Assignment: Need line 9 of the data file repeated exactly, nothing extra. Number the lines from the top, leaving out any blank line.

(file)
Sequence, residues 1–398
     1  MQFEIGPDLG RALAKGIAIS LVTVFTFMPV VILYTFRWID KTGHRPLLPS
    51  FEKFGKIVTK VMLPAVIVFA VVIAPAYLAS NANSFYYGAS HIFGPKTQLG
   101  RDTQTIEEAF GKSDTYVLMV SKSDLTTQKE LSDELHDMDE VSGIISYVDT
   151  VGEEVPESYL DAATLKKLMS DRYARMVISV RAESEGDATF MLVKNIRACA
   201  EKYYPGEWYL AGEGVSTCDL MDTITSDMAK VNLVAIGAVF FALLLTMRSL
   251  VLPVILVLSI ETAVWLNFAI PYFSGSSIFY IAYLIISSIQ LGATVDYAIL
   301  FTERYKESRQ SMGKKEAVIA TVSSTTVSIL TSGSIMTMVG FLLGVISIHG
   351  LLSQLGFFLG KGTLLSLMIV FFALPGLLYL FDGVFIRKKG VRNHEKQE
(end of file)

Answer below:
   351  LLSQLGFFLG KGTLLSLMIV FFALPGLLYL FDGVFIRKKG VRNHEKQE